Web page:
Please keep your dog on a leash as there are bears and even cougars around. It’s the law and can be detrimental to other hikers, the dog, and wildlife. Two years ago, a negligent hiker let their dog off-leash, which resulted in their animal being eaten by a cougar. Alberta Parks was then forced to euthanize the cougar due to predatory behavior displayed to dogs which the animal then viewed as prey. Don’t be that person.
History of Ha Ling (Chinaman’s Peak)
The name Ha Ling Peak certainly stands out in the Canadian Rockies. Naturally, with a name like that, there is a story to the origin. Back in 1896, a Chinese cook working for the Canadian Pacific Railroad Company was bet $50 he could make it to the summit of the nearby mountain in under 10 hours.
To everyone’s surprise, he not only succeeded but, after setting out in the morning, was back in time for lunch. After the feat, the peak was referred to as Chinaman’s Peak until 1980, when it officially received the name. Chinaman’s Peak did not last long as in 1997, the name was changed to Ha Ling Peak to be less derogatory.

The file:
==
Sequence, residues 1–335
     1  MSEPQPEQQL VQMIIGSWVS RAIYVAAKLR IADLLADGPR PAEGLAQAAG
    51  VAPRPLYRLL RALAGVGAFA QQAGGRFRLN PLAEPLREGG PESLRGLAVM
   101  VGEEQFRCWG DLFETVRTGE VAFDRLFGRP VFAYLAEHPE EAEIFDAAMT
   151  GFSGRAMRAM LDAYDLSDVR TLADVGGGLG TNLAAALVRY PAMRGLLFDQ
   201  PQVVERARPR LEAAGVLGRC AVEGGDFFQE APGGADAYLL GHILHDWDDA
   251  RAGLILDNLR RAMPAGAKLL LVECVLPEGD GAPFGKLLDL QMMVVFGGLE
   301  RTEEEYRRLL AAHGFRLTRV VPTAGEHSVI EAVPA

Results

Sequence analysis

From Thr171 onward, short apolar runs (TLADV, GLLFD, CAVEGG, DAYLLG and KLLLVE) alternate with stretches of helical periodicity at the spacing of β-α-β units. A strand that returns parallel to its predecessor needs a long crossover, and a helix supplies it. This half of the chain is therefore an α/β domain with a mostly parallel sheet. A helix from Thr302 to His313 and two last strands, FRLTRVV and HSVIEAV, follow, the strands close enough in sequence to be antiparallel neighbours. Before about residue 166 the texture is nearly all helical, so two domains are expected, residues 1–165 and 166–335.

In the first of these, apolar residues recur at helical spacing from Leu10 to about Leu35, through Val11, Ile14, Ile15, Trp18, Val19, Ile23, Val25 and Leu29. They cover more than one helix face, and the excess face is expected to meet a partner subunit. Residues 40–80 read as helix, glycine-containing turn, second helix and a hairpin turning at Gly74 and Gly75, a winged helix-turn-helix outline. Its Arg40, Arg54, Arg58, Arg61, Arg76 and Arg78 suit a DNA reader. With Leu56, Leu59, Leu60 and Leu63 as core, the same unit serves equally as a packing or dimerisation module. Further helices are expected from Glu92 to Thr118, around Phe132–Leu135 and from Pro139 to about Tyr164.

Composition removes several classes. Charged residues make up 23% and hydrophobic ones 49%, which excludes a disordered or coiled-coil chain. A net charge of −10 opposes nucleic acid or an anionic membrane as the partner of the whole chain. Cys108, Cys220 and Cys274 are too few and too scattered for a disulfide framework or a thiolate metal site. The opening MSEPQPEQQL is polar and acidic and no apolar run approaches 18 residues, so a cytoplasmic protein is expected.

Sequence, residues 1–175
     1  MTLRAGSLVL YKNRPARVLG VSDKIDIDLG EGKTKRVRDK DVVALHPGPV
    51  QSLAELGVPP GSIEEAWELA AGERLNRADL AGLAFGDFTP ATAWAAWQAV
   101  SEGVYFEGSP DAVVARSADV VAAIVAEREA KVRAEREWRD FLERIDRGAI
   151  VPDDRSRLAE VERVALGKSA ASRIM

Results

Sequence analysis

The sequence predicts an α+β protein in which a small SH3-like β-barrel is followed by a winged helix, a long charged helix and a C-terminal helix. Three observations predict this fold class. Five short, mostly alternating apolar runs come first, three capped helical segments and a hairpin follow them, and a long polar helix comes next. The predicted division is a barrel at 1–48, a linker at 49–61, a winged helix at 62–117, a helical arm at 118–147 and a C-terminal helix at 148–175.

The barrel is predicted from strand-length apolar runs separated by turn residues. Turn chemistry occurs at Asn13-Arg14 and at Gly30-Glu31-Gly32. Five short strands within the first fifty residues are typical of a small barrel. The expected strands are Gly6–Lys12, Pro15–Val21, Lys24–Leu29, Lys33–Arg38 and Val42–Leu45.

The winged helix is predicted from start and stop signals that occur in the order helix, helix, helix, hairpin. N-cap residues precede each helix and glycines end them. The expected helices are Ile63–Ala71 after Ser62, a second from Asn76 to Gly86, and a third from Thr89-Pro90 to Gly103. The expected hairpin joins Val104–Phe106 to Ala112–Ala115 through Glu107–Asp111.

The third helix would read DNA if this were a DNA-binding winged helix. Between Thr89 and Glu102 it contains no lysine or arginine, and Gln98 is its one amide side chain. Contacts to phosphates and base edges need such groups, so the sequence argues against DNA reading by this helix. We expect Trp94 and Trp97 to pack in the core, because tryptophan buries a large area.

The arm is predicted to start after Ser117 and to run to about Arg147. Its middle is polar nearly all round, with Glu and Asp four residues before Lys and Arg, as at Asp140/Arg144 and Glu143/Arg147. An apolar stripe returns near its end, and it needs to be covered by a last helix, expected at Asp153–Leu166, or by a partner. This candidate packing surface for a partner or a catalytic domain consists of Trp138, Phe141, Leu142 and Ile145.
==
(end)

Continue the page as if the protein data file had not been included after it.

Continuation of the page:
Wildlife Awareness on The Hike
If you’re on any hikes in Kananaskis, you should practice proper wildlife awareness. There are frequent sightings of black bears, grizzly bears, moose, coyotes, and cougars in the region. They are all a potential threat to humans, and we should reduce our impact on their natural lives.
Before any hike or walk-in the Canadian Rockies, you need to have bear spray. Remember that the bear spray is worthless if it’s in your pack, you’ll need to be able to grab this in two seconds or less in an emergency. We wear our bear sprays on our hips.
The likeliness of seeing wildlife on this trail is high. It is a heavily trafficked trail, but bear sightings have occurred. The meadow and valley is prime grizzly habitat, and the trail has been closed in the past due to bear activity. We saw a male grizzly near the saddle of this hike. Thankfully he was fairly far away, and we had a large group.